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Title: Channa  
Author: World Heritage Encyclopedia
Language: English
Subject: Snakehead (fish), Dwarf snakeheads, Channa gachua, Small snakehead, Hot and sour soup
Collection: Channidae
Publisher: World Heritage Encyclopedia


Northern snakehead, Channa argus
Scientific classification
Kingdom: Animalia
Phylum: Chordata
Class: Actinopterygii
Order: Perciformes
Family: Channidae
Genus: Channa
Scopoli, 1777
Type species
Channa orientalis
Bloch & J. G. Schneider, 1801
  • Bostrychoides Lacepède, 1801
  • Channa Gronow, 1763 (unavailable as Gronow's 1763 work was rejected)
  • Ophicephalus Bloch, 1793
  • Philypnoides Bleeker, 1849
  • Psiloides G. Fischer, 1813
  • Pterops Rafinesque, 1815

Channa is a genus of the Channidae family of snakehead fish. This genus contains 34 scientifically described species, but the most well known are probably the northern snakehead (Channa argus) and the giant snakehead (Channa micropeltes). Channa has a wide natural distribution extending from Iran in the west, to China in the east, and parts of Siberia in the Far East. They are one of the most common staple food fish in Thailand, Cambodia, Vietnam, and other South East Asian countries, where they are extensively cultured. Apart from their importance as a food fish, snakeheads are also consumed as a therapeutic for wound healing as well as reducing post-operative pain and discomfort, and collected for the international aquarium pet trade. The diets of various species of Channa include fish, frogs, snakes, rodents, birds, and insects. Some can move on land like snakes, and breathe air.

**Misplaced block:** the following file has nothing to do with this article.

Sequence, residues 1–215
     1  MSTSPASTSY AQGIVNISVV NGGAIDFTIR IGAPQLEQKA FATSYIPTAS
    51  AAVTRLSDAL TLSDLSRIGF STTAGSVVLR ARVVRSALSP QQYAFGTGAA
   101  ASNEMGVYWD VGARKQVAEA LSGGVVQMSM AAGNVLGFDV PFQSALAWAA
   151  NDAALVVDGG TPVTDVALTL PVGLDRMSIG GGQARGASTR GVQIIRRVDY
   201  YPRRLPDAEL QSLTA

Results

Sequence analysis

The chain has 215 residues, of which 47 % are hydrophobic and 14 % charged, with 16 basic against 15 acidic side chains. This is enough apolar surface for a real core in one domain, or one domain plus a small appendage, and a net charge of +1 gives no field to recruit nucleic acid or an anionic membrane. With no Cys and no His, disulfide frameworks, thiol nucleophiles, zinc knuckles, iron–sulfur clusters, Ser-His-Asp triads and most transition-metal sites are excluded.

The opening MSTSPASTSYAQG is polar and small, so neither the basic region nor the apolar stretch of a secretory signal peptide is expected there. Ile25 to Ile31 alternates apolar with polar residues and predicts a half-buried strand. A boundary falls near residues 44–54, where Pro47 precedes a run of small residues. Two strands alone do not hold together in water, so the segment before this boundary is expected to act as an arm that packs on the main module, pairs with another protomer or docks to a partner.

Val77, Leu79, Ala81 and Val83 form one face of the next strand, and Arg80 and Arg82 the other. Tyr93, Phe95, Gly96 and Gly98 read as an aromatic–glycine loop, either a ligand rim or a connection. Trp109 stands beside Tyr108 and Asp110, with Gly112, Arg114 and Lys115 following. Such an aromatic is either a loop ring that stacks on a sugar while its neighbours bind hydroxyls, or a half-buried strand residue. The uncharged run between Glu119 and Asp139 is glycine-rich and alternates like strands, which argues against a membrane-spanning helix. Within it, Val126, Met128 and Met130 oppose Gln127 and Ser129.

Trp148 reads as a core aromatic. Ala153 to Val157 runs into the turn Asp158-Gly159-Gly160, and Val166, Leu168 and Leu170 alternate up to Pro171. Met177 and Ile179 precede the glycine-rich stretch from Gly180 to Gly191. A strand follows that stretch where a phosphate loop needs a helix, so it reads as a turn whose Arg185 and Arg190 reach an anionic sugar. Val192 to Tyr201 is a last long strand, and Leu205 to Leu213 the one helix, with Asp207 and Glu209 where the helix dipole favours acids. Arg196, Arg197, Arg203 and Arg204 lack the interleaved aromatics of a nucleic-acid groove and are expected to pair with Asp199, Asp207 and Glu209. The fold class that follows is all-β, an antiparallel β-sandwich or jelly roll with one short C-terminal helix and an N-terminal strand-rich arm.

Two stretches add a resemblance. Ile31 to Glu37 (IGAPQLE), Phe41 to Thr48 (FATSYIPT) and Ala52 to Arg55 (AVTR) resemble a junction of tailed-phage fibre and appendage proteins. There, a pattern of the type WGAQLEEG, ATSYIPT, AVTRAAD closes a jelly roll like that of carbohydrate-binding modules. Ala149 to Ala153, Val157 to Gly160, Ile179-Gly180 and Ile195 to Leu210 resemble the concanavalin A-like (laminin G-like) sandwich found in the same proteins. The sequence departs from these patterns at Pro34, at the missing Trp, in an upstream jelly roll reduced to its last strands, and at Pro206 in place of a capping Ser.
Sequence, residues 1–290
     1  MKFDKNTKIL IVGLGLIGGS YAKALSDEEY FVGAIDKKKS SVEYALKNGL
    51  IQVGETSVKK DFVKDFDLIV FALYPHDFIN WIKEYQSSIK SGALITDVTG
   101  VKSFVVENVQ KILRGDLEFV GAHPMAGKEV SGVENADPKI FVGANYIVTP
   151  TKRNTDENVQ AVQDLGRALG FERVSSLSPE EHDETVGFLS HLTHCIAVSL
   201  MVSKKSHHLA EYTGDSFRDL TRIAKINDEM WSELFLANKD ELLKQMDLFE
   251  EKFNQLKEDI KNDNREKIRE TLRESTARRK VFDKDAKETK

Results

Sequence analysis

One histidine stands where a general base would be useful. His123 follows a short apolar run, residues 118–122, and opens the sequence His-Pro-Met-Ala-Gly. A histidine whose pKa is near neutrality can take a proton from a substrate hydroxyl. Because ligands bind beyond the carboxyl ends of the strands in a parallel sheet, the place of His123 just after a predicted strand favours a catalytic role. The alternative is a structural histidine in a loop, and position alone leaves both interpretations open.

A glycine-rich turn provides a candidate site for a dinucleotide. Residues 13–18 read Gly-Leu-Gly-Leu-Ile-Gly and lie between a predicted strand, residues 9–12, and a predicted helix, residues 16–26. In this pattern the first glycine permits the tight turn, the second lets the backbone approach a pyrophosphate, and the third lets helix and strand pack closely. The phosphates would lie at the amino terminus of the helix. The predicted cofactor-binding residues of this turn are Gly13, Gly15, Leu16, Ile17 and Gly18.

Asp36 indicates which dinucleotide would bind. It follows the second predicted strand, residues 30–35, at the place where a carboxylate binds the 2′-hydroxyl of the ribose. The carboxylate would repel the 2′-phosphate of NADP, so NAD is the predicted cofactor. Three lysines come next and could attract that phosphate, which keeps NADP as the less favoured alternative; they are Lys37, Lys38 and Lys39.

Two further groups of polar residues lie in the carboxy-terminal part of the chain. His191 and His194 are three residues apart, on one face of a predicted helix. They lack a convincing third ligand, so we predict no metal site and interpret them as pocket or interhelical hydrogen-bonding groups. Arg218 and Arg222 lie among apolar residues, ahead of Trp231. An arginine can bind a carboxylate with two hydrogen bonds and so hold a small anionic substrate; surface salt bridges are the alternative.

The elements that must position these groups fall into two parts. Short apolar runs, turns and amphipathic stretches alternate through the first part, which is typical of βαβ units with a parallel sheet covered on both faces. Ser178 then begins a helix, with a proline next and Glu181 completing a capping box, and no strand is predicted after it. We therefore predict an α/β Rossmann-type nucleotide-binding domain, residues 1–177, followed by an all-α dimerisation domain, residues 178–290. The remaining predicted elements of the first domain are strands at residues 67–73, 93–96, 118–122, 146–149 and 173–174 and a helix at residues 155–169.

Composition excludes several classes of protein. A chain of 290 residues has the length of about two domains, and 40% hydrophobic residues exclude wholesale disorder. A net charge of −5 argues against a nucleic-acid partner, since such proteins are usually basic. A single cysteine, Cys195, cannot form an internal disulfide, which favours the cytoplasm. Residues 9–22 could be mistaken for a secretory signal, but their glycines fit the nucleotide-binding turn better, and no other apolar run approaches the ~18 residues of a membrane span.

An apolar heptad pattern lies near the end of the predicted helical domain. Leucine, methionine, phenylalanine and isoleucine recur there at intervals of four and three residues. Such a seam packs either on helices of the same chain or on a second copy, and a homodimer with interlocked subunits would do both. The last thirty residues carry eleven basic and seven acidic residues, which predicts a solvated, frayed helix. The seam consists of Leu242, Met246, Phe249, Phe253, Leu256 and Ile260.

The taxonomy of the genus Channa is incomplete and a comprehensive revision of the family has not been performed. A phylogenetic study in 2010 has also indicated the likelihood of the existence of more undescribed species of channids in South East Asia.[1] In June 2011, the Malabar snakehead Channa diplogramma from peninsular India was shown to be a distinct species, 146 years after its initial description and 134 years after it was synonymised with C. micropeltes, establishing it is an endemic species of peninsular India. The study also suggested that the species shared a most recent common ancestor with C. micropeltes, around 9.52 to 21.76 MYA.[2][3]

In Assamese it is called goroi. In Malayalam it is called varal or braal.


The 34 currently recognized species in this genus are:[4][5]


  • "Channa".  
  1. ^ Adamson E. A. S., Hurwood D. A., Mather P. A. (2010): A reappraisal of the evolution of Asian snakehead fishes (Pisces, Channidae) using molecular data from multiple genes and fossil calibration. Molecular Phylogenetics and Evolution, 56 (2), Pages 707–717
  2. ^ Benziger, A., Philip, S., Raghavan, R., Anvar Ali, P. H., Sukumaran, M., et al. (2011) Unraveling a 146 Years Old Taxonomic Puzzle: Validation of Malabar Snakehead, Species-Status and Its Relevance for Channid Systematics and Evolution. PLoS ONE 6(6): e21272. doi:10.1371/journal.pone.0021272
  3. ^ Li, X., Musikasinthorn, P., Kumazawa, Y. (2006): Molecular phylogenetic analyses of snakeheads (Perciformes: Channidae) using mitochondrial DNA sequences. Ichthyological Research 53 (2) pp 148-159
  4. ^ Froese, Rainer, and Daniel Pauly, eds. (2013). ChannaSpecies of in FishBase. August 2013 version.
  5. ^ a b Britz, R. (2013): Channa andrao, a new species of dwarf snakehead from West Bengal, India (Teleostei: Channidae). Zootaxa, 3731 (2): 287–294.
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